Pauline Nobes, tutor in Baroque and classical violin at the Royal Northern College of Music, offers some advice for new starters in Baroque music


There used to be two distinct schools of playing, Baroque and modern, of which it was thought that ‘ne’er the twain shall meet’. Now, however, there seem to be bandwagons travelling constantly between the two; period-instrument groups frequently import modern players and in their turn modern orchestras invite old-music specialists. To facilitate this cross-fertilisation, what compromises can be made regarding equipment and the various elements of technique?

Using modern instruments for all periods of music is a hefty compromise. However, combining specialisation with earning a living is hard, especially considering the requisite financial outlay for at least two quality instruments and three or four different models of bow. Makers today often offer half-conversions, less expensive than full conversions, to keep costs down for players, as well as producing fine modern copies. But, although the sound of the modern instrument differs considerably from that of period instruments, with a few modifications their use is arguably another of many compromises necessitated by modern-day performance and recording.

If players wish to stick to their one, beloved instrument in modern set-up, to what extent can historical performance practice be pursued? The bow can be a simple place to start – copies are relatively inexpensive and widely available. Most Baroque bows are significantly lighter than modern bows with the balance point generally lower: holding a modern bow slightly away from the frog approaches this lighter balance. When choosing strings, there is a wide selection of high-quality gut strings available now, of the sort that were in common usage.

Playing without a chin rest affects sound and projection as much as many technical aspects such as vibrato and shifting and is enlightening for a historic approach. After all, Baroque repertoire was conceived for violins without chin rests: the one invented by Spohr only started to be introduced around 1820. Leopold Mozart’s comfortable position at the neck varies considerably from a modern-day hold where one freely turns pages with the left hand.

Pitch is a question of choice too. Baroque pitches varied between 392Hz and 41.5Hz, with Classical and early Romantic periods ranging between 430Hz and 438Hz, according to studies of contemporary wind instruments and organ pipes. Baillot’s attempt to find order by standardising 440Hz came in the middle of the 19th century. Slackening down to 475Hz, a semitone lower, may come as an enormous relief to an old instrument, as well as altering articulation possibilities. Also, harmonic rather than melodic intonation was expected, as equal temperament was not yet established as the norm.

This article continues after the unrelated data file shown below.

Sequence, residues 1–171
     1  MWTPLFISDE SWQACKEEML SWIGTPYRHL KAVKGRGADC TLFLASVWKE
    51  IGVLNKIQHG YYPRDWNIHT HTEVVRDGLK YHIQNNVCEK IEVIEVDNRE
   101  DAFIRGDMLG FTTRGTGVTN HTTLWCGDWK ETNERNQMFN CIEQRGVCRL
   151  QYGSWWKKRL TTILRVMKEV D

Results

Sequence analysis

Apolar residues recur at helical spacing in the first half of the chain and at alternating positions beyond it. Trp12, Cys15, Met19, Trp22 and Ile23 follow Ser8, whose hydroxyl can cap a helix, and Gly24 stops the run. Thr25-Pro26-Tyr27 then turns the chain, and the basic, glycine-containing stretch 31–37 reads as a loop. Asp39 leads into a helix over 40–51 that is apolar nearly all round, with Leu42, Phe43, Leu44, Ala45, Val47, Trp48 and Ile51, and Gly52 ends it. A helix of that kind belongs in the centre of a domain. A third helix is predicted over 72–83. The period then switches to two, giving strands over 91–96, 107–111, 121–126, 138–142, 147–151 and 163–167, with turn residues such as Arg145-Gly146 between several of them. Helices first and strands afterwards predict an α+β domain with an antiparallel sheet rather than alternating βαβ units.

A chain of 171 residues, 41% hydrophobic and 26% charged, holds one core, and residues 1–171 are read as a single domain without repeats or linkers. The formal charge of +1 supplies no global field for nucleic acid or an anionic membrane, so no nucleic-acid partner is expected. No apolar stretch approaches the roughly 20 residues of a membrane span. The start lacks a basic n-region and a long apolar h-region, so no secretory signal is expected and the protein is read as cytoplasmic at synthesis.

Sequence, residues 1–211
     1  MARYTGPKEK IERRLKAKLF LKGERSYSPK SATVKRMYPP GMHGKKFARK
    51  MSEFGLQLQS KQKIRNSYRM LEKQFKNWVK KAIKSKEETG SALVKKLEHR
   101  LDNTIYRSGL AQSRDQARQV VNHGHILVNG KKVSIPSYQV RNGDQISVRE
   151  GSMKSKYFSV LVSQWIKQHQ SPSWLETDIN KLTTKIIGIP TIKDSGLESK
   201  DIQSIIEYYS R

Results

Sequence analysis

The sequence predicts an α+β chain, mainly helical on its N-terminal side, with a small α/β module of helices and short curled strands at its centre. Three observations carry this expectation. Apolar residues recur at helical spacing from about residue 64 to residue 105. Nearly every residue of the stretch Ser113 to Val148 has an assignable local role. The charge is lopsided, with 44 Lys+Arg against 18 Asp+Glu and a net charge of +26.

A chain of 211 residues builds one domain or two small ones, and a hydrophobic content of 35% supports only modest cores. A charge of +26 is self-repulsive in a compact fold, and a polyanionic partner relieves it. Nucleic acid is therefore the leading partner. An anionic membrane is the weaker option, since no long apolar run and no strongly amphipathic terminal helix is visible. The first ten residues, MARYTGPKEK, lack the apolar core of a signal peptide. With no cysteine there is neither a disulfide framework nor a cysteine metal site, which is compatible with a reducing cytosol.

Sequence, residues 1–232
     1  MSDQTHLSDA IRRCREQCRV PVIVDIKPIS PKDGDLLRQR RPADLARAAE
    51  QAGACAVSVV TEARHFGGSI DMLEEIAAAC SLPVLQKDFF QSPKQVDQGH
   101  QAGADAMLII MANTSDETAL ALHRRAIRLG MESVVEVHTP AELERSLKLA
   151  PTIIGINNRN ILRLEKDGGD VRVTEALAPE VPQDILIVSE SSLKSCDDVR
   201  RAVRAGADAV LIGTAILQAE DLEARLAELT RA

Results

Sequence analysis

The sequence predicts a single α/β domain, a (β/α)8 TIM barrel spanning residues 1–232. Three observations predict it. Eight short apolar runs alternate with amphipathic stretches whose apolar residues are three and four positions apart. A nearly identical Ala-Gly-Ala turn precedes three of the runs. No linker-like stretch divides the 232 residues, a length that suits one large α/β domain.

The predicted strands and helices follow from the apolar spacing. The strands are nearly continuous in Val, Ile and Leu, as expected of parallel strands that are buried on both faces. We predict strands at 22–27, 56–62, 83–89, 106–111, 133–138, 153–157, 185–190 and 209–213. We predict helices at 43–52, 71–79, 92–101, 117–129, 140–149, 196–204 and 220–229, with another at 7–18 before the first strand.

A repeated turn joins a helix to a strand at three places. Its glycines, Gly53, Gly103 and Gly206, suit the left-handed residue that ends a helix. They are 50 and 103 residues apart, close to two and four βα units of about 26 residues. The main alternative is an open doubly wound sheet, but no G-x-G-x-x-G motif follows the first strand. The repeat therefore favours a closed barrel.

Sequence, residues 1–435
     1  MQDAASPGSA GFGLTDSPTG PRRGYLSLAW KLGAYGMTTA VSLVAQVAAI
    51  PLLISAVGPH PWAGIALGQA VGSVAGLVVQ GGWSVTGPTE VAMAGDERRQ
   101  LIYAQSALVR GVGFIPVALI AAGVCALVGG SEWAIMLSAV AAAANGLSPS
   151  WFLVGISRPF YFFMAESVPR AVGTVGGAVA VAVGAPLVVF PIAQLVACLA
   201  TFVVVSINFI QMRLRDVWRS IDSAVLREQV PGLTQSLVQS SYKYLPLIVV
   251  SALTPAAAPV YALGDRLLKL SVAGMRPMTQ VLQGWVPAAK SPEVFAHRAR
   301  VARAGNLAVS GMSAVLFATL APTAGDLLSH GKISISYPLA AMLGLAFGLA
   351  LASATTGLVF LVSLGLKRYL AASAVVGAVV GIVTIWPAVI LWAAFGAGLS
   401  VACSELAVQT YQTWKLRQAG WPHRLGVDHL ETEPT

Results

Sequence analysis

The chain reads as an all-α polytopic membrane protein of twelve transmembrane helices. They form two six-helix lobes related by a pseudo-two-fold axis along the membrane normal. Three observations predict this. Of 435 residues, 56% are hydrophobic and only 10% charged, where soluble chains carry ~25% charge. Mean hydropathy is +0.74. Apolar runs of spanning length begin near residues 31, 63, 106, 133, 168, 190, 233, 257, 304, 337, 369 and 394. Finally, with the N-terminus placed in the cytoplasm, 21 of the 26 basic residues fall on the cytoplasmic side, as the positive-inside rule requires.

Then, as now, what was deemed good taste in performance style, le bon goût, varied enormously – the criticisms of and contradictions between the French and Italian schools at the turn of the 18th century are infamous. The typical elegance and poise characterised by the dances of the French overture suite contrast greatly with the extrovert virtuosity displayed in the Italian concerto, both sometimes far removed from the rules of the Berlin school described by the often conflicting accounts of Quantz and C.P.E. Bach.

Many controversies arise from the fact that details of performance style transcend notation, not only with expression but also when interpreting rhythms and adding embellishments. Inegalité was assumed by many non-French composers such as Bach, Telemann and Purcell. This is a loosening of the rhythm, where equally written separate notes are ‘swung’ in a strong–weak manner. Generally a smooth articulation, it affects notes that are half the value of the main beat, particularly during stepwise motion, unless counter-indicated by slurs, dots, or instructions such as égale.